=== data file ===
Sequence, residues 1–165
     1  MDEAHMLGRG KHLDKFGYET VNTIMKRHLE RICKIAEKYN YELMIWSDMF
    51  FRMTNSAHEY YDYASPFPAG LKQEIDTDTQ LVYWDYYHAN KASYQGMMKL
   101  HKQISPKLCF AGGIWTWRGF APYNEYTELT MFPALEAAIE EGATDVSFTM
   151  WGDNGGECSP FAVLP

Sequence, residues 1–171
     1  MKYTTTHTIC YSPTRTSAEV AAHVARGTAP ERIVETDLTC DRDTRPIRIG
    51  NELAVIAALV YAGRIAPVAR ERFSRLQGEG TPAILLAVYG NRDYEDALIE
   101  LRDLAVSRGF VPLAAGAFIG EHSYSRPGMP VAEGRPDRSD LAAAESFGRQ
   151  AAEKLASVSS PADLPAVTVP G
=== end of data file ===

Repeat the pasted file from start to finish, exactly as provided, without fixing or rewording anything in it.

Sequence, residues 1–165
     1  MDEAHMLGRG KHLDKFGYET VNTIMKRHLE RICKIAEKYN YELMIWSDMF
    51  FRMTNSAHEY YDYASPFPAG LKQEIDTDTQ LVYWDYYHAN KASYQGMMKL
   101  HKQISPKLCF AGGIWTWRGF APYNEYTELT MFPALEAAIE EGATDVSFTM
   151  WGDNGGECSP FAVLP

Sequence, residues 1–171
     1  MKYTTTHTIC YSPTRTSAEV AAHVARGTAP ERIVETDLTC DRDTRPIRIG
    51  NELAVIAALV YAGRIAPVAR ERFSRLQGEG TPAILLAVYG NRDYEDALIE
   101  LRDLAVSRGF VPLAAGAFIG EHSYSRPGMP VAEGRPDRSD LAAAESFGRQ
   151  AAEKLASVSS PADLPAVTVP G